Letters to Santa are already en route to the North Pole, filled with requests for the top toys of 2014. No doubt that Elsa and Barbie will be in high demand, but many kids are hoping for something that isn’t a pink, sparkly, blonde-haired doll. Thankfully, those popular toys are not the only options. We looked to A Mighty Girl, a site whose mission is to raise “smart, confident, and courageous girls,” for inspiration in finding toys that encourage creativity and support kids as they acquire new skills. After all, Toys R Us and other big box stores are moving away from the “pink aisle” and the “blue aisle,” so it’s probably time for Santa to head in that direction, too. 1 Crazy Forts Get Crazy Forts. 2 GoldieBlox and the Spinning Machine Get GoldieBlox and the Spinning Machine. 3 Be Amazing Toys Big Bag Of Science Get Be Amazing Toys Big Bag Of Science. 4 Briarpatch […]
Close your eyes and picture and engineer. You probably weren’t envisioning Debbie Sterling. Debbie Sterling is an engineer and founder of GoldieBlox, a toy company out to inspire the next generation of female engineers. She has made it her mission in life to tackle the gender gap in science, technology, engineering and math. GoldieBlox is a book series+construction set that engages kids to build through the story of Goldie, the girl inventor who solves problems by building simple machines. Debbie writes and illustrates Goldie’s stories, taking inspiration from her grandmother, one of the first female cartoonists and creator of “”Mr. Magoo.”” Her company, launched in 2012, raised over $285,000 in 30 days through Kickstarter, and has been featured in numerous publications such as The Atlantic and Forbes. Prior to founding GoldieBlox, Debbie served as the Marketing Director of Lori Bonn, a national jewelry company. For the past 7 years, she […]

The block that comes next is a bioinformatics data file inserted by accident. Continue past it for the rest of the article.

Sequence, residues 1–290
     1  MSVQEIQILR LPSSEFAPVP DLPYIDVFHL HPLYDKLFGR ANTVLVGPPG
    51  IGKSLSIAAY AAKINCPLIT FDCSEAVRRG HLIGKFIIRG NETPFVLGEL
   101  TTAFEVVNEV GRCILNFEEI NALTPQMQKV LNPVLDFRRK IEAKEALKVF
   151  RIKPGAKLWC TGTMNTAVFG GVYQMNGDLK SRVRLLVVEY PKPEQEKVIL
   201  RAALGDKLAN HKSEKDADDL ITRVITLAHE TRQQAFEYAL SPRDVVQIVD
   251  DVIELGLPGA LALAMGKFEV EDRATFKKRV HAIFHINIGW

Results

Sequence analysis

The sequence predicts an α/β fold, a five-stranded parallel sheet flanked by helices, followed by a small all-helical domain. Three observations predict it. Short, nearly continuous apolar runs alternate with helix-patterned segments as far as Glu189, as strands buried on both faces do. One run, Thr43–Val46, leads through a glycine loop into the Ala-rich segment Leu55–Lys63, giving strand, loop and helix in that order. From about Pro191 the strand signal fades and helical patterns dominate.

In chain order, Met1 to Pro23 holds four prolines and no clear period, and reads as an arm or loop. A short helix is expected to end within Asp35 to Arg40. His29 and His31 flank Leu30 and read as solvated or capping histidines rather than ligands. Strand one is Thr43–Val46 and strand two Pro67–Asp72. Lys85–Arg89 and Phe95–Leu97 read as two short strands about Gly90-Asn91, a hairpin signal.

On March 8, we celebrated International Women’s Day. Every year on this date, thousands of events are held throughout the world to inspire women and celebrate their achievements. Women’s equality has made positive gains, but plenty of inequality still exists. International Women’s Day commemorates the social, political, and economic achievements of women, while focusing world attention on areas requiring further action. “Inspiring Change” was the theme of the 2014 celebration, and the goal was to encourage advocacy for women’s advancement everywhere in every way. Promoting women’s equality requires courageously challenging the status quo and vigilantly inspiring positive change. In conjunction with International Women’s Day, Microsoft profiled the work of five female employees—whose efforts are representative of the work of countless other Microsoft women—in empowering girls’ and women’s involvement in science, research, computing, and engineering. Just two days after International Women’s Day, the fifty-eighth session of the Commission on the Status of Women (CSW) kicked off at […]
Amid growing signs that gender bias has affected research outcomes and damaged women’s health, there’s a new push to make science more relevant to them. Pioneers, past and present: From top left (clockwise), Jane Goodall, Rachel Carson, Mary Leakey, Mae Jemison, Marie Curie, Rosalind Franklin Marguerite Del Giudice for National Geographic James Gross, a psychology professor at Stanford University, has a 13-year-old daughter who loves math and science. It hasn’t occurred to her yet that that’s unusual, he says. “But I know in the next couple of years, it will.”
IJARS is proud to present the first person who has accepted the challenging task of acting as an ambassador for our Women in Robotics project. Dr. Amy Loutfi (University of Örebro, Sweden) has joined the initiative with her reflection on the female role in engineering. Here is her story. Over the years working as a researcher and as an engineer, I have come to understand that seldom is there only one absolute solution to any given problem. Often we work with a number of constraints in our research, whether they be functional, economical or even aesthetic and ethical. To comply with these different constraints requires us to think creatively, finding new ways and avenues to explore in order to provide multifaceted solutions for the benefit of potential users.